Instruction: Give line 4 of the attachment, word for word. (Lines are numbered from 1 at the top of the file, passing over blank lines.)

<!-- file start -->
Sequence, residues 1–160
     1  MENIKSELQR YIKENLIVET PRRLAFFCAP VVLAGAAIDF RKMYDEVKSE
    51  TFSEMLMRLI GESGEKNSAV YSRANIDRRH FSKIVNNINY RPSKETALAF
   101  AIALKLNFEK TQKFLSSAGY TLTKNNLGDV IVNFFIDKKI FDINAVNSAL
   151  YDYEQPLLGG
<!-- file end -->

   101  AIALKLNFEK TQKFLSSAGY TLTKNNLGDV IVNFFIDKKI FDINAVNSAL